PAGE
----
Trovare had always maintained that if the Phase Is so indicated, Phase IIs would be necessary. Generally speaking, a Phase II entails the physical inspection of a property, including measures such as soil and water sampling. The LOI is silent on the issue of Phase IIs, so a number of matters remained for negotiation, including financial responsibility for the Phase IIs, timing, and selection of the analyst. Trovare also represented to Appellees that its bank would not provide financing for the real estate without the Phase IIs.

Shortly after execution of the LOI, Trovare completed the Phase Is. The Phase Is indicated that Phase IIs would be necessary for all of Appellees' properties, and

Page 777

Trovare promptly notified Appellees, through Mesirow, of that fact. Battaglia indicated to Trovare that a Phase II study consultant would be selected in mid-June and that studies would begin immediately thereafter. Appellees seem to have made further representations about promptly conducting the Phase IIs, though we need not discuss them at length.

At the same time, however, Appellees were concerned about financial liability that might arise from the results of the Phase IIs. Gadon testified about those concerns at trial. According to him, Appellees would have been required to turn over to the government the results of the Phase IIs. Appellees were concerned that if the Phase IIs (and the relevant statutory regimes) indicated a need for remediation, Appellees would be on the hook for those costs if the deal with Trovare didn't materialize. Both parties opined that such costs might reach into the millions of dollars.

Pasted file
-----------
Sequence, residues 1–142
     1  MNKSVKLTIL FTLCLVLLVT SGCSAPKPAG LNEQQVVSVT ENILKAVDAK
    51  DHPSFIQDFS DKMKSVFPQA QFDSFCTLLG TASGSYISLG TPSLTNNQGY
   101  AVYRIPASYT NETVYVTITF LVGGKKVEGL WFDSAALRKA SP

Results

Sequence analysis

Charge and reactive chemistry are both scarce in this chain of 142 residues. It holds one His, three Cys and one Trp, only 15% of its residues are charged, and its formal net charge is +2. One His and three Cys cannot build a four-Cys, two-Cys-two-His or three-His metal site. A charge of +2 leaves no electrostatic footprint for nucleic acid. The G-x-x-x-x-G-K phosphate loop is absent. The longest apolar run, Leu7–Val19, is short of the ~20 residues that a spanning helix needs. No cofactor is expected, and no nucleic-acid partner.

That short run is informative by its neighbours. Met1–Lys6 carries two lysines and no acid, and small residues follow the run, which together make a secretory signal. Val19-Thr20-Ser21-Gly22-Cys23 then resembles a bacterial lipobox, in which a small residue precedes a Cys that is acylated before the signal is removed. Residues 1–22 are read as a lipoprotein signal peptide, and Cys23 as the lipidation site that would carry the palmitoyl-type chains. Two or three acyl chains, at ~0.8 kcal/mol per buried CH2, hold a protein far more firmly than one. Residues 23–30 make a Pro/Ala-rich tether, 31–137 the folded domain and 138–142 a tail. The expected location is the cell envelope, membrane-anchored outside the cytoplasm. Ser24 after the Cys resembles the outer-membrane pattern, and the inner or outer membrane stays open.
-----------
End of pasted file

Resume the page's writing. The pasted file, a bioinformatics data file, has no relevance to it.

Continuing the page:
So Appellees, contradicting their earlier statements, began representing to Trovare that they needed to receive at least a conditional showing of financing before they would order the Phase IIs. Gadon testified that " to do it before you know you've got a deal to me seemed to be ludicrous. I wanted to know I had a deal or at least the making of a deal before we spent the money." At least in internal emails, if not external representations to Trovare, Appellees formulated the position that the Phase IIs would not be completed before an APA was signed.

Trovare, on the other hand, represented to Appellees that it would be impossible to secure even a conditional offer of financing without the Phase IIs. Trovare continued to insist that the Phase IIs be completed prior to the signing of the APA. It appears that Trovare did not provide Appellees with any written verification that their real estate lender, whose identity remains unclear, indeed required the Phase IIs. No real estate lender testified at trial. Gadon testified that at some point in the later phases of negotiation, in either August or September, he " did concede and say, okay, we'll do it. I just got tired of arguing about it and said, okay, we'll do a Phase II. We didn't do it, but we got close to it." The Phase IIs were never completed.